All professionals must be able to concisely articulate what they do. The elevator pitch is a brief commercial about yourself and your work, and is an essential networking component. The pitch is usually most appropriate when you first meet someone. It should be 25-30 seconds or eight to 10 sentences long. Your pitch should describe you and your company, what you offer, the benefits you provide, and how you execute your work. Avoid speaking too quickly, rambling, or being overly formal. MBA graduates and other professionals find themselves in a variety of situations where a casual elevator pitch is appropriate. Current MBA students should include a brief reference to their year in school and, if pertinent, which school they attended, as well as their primary interests in the field.
Social Networking Sites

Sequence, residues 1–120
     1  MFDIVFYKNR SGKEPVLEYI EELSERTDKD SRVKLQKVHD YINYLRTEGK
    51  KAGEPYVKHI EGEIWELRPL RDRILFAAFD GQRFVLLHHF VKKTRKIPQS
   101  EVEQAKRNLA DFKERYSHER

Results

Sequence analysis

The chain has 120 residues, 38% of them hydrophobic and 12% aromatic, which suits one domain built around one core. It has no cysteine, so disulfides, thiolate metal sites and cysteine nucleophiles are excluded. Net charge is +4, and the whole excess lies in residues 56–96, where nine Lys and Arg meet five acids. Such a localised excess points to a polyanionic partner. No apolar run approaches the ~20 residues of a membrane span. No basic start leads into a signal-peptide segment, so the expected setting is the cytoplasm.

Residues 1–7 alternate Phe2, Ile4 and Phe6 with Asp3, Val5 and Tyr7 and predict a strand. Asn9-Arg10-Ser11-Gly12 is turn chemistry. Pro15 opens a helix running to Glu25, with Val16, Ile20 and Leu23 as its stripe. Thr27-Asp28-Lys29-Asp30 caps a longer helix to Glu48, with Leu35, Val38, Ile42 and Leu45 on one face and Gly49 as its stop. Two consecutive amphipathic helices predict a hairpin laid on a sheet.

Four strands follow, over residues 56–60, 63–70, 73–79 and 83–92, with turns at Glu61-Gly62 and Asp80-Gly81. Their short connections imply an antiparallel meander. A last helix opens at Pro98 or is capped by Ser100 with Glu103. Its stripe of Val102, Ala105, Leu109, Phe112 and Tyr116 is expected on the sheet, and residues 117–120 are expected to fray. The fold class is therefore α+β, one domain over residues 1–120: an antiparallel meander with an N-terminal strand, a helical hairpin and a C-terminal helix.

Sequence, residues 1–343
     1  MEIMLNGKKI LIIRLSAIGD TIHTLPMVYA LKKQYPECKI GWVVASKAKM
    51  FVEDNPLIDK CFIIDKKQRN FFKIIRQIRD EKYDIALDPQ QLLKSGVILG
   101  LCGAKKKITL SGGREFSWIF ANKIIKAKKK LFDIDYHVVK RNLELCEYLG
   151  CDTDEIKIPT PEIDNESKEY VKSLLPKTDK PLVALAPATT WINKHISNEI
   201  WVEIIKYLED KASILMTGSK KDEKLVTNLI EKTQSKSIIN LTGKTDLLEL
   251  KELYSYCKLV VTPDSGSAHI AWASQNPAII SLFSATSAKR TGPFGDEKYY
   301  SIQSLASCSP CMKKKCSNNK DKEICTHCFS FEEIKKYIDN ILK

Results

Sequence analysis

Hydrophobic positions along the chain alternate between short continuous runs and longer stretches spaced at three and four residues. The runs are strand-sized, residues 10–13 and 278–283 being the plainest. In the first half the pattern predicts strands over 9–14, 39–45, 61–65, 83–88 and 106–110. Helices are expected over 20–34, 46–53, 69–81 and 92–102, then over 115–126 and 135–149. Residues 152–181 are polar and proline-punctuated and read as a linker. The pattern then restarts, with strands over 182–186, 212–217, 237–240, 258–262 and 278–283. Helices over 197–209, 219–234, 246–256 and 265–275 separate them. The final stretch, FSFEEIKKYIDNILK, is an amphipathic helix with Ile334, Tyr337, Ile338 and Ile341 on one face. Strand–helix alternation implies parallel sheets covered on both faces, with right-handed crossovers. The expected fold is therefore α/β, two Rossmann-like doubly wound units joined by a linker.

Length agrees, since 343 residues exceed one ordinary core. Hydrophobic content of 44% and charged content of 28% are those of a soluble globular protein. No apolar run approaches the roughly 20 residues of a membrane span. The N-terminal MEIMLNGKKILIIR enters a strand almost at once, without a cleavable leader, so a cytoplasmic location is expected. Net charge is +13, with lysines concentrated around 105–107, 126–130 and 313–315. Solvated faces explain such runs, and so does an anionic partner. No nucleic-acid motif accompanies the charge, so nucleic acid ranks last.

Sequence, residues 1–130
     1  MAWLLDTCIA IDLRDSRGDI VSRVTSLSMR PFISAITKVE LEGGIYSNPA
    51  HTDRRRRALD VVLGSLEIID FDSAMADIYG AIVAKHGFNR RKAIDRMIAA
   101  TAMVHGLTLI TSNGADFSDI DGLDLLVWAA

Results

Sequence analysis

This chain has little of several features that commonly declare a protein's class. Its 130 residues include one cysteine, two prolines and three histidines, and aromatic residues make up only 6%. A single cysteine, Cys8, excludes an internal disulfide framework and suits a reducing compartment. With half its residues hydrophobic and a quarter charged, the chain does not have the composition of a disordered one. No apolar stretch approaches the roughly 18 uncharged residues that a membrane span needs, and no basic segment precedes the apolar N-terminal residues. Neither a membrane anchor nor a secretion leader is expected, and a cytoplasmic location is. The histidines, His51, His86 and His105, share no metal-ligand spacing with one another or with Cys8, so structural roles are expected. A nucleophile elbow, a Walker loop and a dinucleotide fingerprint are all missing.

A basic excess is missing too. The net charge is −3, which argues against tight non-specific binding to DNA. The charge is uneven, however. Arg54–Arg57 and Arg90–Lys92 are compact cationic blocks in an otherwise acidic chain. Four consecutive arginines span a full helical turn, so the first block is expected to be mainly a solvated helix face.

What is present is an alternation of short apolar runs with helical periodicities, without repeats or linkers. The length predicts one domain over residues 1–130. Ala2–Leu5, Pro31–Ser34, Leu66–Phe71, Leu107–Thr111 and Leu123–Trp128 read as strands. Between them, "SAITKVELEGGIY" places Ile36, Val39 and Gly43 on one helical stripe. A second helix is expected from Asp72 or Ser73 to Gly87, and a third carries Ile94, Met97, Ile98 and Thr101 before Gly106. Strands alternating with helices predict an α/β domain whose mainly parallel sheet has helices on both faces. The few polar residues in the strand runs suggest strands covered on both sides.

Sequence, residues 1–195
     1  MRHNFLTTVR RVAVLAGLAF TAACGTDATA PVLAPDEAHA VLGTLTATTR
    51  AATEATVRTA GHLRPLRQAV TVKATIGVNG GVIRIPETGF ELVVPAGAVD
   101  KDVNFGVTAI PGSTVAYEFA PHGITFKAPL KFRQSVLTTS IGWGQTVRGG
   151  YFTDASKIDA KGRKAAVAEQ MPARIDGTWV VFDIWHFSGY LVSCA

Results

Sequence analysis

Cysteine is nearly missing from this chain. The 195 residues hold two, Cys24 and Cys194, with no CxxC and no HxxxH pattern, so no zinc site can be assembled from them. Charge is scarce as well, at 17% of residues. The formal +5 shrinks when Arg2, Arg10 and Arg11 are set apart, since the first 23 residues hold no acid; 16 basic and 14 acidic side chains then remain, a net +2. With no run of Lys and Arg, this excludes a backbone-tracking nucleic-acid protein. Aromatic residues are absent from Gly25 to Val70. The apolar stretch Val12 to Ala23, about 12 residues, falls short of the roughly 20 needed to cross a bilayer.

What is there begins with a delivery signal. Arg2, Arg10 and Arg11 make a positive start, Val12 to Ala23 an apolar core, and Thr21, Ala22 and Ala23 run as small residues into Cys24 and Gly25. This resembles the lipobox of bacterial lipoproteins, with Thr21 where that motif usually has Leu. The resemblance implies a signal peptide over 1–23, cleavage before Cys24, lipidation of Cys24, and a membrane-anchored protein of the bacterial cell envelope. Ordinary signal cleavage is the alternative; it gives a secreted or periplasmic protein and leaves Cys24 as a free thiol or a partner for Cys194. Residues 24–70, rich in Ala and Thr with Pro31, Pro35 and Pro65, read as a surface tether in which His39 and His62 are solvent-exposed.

MBA graduates and working professionals can use a variety of social networking sites in addition to LinkedIn. Peruse this list of 20 sites that foster community building and professional networking that you might have missed. Not all of these sites require you to be a paid member, but you may discover that paid memberships often allow you to access various tools, making it worth the investment. When using multiple networking sites, always manage your privacy settings carefully and regulate business and personal contacts on each platform. By being cautious about your connections and the information you reveal, you maintain better control over your reputation and personal branding.
Networking is a crucial skill for most professionals and MBA graduates, but it does not always come quickly. You can only learn useful networking skills through experience and repeated exposure. Seasoned networkers often learn how to continue or avoid specific words and actions in their effort to make connections and forge relationships.